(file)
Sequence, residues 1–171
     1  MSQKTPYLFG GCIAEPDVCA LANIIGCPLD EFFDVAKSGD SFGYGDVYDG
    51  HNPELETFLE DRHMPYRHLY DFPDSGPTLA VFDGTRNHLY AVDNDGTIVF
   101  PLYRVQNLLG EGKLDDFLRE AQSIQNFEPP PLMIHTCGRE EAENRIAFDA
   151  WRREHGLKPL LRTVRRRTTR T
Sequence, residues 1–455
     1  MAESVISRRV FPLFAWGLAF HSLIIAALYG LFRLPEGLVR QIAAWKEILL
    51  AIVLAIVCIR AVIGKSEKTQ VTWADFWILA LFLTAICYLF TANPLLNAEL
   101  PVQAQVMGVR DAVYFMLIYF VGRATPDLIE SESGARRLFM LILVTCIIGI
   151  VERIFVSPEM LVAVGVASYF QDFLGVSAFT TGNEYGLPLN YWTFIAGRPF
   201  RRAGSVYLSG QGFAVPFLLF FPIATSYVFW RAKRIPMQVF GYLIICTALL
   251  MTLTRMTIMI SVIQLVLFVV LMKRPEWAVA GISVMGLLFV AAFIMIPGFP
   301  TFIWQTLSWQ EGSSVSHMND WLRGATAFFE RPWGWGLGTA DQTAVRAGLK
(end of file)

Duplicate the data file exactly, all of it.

Sequence, residues 1–171
     1  MSQKTPYLFG GCIAEPDVCA LANIIGCPLD EFFDVAKSGD SFGYGDVYDG
    51  HNPELETFLE DRHMPYRHLY DFPDSGPTLA VFDGTRNHLY AVDNDGTIVF
   101  PLYRVQNLLG EGKLDDFLRE AQSIQNFEPP PLMIHTCGRE EAENRIAFDA
   151  WRREHGLKPL LRTVRRRTTR T
Sequence, residues 1–455
     1  MAESVISRRV FPLFAWGLAF HSLIIAALYG LFRLPEGLVR QIAAWKEILL
    51  AIVLAIVCIR AVIGKSEKTQ VTWADFWILA LFLTAICYLF TANPLLNAEL
   101  PVQAQVMGVR DAVYFMLIYF VGRATPDLIE SESGARRLFM LILVTCIIGI
   151  VERIFVSPEM LVAVGVASYF QDFLGVSAFT TGNEYGLPLN YWTFIAGRPF
   201  RRAGSVYLSG QGFAVPFLLF FPIATSYVFW RAKRIPMQVF GYLIICTALL
   251  MTLTRMTIMI SVIQLVLFVV LMKRPEWAVA GISVMGLLFV AAFIMIPGFP
   301  TFIWQTLSWQ EGSSVSHMND WLRGATAFFE RPWGWGLGTA DQTAVRAGLK